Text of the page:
Wednesday, October 8, 2014

Capturing The Wild Kingdom Before “Wild Kingdom”

Birth of Martin Johnson, Pioneer Wildlife Photographer
Oct. 9, 1884

Remember Marlin Perkins in Mutual of Omaha’s 1960s TV show “Wild Kingdom,” and how he left all the rhino-wrestling to his buddy Jim? To say nothing of Steve Irwin’s popular “Crocodile Hunter” forty years later. This post celebrates intrepid forerunner Martin Johnson, who broke trail for the likes of Marlin, Jim, and Steve.
Martin and Osa Johnson

Martin Elmer was born on October 9, 1884, to John and Lucinda Johnson, in Rockford, IL, where John, a Swedish immigrant, worked as foreman at a watch factory. Within a year of Martin’s birth, the Johnsons moved to Lincoln, KS, where Martin’s father then ran a jewelry store. They moved again in 1896, away from Lincoln which was crippled with drought, to Independence, KS, where John met with new success in selling jewelry and books.

Although his father taught him how to repair clocks and watches and details of the jewelry business, Martin’s mind was always on birds in the nearby woods and turtles basking on the river rocks. He constantly rebelled against both school and store. He frequently ran away from home, riding the rails and meeting hobos. When his father’s store expanded to include camera supplies, the boy became obsessed with photography as a means of escape to freedom from the workaday grind.

Young Johnson, upon expulsion from high school for photographic breaches in etiquette and protocol, embarked as an itinerant photographer. He met his future wife, Osa Helen Leighty, in 1902 when she was only eight. At the time, she was offended by the gawky teenager, ten years her elder, but neither did she quite forget him. She had taken her 3-year-old brother to the makeshift studio of this traveling artist, and was dismayed when the young man, who was developing his skill and his eye along with his images, insisted on mussing up the toddler’s hair for the expensive photograph, delighting little Vaughn but ruining Osa’s intent on a formal portrait.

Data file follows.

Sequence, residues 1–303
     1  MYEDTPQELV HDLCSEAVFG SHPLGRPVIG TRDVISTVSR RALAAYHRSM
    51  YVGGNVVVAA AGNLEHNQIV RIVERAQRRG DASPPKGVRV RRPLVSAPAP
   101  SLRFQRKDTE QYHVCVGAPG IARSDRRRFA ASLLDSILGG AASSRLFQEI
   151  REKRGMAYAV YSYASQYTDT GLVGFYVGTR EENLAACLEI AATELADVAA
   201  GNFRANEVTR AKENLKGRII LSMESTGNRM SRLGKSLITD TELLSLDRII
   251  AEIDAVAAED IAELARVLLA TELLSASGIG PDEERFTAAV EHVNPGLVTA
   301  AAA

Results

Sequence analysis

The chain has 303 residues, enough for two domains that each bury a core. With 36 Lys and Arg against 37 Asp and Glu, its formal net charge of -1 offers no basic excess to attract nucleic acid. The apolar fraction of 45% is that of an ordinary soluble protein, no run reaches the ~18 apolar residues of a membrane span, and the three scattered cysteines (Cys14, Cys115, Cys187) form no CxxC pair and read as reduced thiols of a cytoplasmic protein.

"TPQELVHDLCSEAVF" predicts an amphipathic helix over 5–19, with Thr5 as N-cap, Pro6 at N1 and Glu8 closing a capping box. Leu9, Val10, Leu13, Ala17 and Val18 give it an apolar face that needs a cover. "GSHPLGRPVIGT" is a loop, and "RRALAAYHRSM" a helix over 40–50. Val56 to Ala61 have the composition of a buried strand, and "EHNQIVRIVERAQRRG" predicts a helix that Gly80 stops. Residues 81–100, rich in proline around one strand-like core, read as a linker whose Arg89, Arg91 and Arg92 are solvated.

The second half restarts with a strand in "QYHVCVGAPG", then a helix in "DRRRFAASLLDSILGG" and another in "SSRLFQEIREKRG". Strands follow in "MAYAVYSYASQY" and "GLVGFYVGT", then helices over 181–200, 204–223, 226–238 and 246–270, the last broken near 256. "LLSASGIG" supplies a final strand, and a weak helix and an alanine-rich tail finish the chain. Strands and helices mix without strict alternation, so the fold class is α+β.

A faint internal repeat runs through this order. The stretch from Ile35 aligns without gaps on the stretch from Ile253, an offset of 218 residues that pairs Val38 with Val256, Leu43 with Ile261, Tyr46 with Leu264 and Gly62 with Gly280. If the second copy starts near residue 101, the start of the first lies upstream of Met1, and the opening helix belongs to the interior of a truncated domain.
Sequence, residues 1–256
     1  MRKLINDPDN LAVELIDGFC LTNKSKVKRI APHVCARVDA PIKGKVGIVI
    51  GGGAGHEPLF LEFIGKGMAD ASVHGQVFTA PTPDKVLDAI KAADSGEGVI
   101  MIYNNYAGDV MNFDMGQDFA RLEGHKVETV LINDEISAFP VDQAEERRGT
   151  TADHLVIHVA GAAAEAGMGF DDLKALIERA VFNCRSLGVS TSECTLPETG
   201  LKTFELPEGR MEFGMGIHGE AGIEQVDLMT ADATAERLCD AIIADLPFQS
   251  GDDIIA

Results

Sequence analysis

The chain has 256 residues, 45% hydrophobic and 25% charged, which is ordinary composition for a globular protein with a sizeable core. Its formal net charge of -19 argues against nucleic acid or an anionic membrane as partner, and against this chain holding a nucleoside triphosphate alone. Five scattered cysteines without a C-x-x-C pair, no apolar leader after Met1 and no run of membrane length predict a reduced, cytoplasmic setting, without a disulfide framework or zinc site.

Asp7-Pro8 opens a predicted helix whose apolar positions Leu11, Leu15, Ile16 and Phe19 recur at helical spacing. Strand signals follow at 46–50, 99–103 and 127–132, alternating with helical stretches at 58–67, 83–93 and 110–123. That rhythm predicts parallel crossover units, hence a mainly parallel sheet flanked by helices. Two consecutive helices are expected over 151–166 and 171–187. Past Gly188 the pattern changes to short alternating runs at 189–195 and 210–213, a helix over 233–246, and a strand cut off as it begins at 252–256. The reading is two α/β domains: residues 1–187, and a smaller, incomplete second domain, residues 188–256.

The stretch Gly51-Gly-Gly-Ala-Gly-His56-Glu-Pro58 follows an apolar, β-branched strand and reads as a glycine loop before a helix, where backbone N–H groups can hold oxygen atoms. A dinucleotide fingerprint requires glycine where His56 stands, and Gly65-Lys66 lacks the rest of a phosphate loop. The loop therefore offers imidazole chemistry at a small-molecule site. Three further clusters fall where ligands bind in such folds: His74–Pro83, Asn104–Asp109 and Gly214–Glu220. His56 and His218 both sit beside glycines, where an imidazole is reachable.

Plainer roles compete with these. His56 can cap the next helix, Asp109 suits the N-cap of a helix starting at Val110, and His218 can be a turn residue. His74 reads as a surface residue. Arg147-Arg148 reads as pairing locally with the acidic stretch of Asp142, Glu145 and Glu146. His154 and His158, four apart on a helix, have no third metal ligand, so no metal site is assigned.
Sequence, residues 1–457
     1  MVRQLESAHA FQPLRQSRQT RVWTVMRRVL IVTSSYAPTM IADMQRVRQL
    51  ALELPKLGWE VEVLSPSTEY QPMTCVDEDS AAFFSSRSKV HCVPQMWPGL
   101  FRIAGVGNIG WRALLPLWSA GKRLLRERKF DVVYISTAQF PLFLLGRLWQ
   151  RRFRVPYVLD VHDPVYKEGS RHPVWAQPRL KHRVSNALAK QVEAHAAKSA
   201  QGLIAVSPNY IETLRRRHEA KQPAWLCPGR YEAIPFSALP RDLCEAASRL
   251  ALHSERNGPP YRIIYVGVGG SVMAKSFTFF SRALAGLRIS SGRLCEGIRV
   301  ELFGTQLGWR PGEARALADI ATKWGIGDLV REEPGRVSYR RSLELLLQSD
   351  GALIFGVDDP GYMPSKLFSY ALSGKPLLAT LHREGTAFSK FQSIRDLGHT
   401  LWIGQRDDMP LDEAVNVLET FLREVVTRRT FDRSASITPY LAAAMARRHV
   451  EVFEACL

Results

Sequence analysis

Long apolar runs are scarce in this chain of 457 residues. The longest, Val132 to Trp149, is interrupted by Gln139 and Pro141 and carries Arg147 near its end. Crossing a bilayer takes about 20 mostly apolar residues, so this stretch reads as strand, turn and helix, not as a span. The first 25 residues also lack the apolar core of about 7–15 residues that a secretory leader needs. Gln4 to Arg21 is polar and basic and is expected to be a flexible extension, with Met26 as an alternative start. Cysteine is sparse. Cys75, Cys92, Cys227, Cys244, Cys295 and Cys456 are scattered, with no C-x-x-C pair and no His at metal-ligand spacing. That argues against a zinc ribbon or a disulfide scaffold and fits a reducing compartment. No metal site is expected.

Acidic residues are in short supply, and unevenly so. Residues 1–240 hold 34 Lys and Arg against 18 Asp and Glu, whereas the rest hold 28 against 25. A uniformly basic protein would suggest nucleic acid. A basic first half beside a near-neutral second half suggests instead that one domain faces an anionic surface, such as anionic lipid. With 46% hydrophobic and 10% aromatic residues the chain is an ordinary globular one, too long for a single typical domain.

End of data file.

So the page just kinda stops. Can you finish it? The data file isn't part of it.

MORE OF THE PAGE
When he came back to town – Chanute, KS – in 1910, his adventures drew Osa, and they eloped after a three-week acquaintance. In the intervening eight years, he had had a lifetime of adventure. He had worked on a boat to England, then stowed away on his return. He had sailed the Pacific with Jack London on that disastrous trip aboard the Snark (making the acquaintance of South Seas cannibals and headhunters), proving himself far better at ship operation and maintenance than at his job as cook.

With native friends in Borneo in 1935
The young couple worked at movie theaters and displayed his South Seas photographs on the vaudeville circuit for a while, but finally bit the bullet in 1917 when they invested everything they had in photography equipment and headed back to South Seas. They spent nine months visiting and filming wildlife and natives of the New Hebrides and Solomon Islands, including the fierce Big Nambas tribe of Malekula. Although warned against taking a white woman among these people (indeed, the local British garrison warned against anybody approaching them), both Martin and Osa forged ahead anyway, and Osa survived a baptism of fire that would have made most others, men or women, quail in terror.  Her gritty courage impressed both natives and British.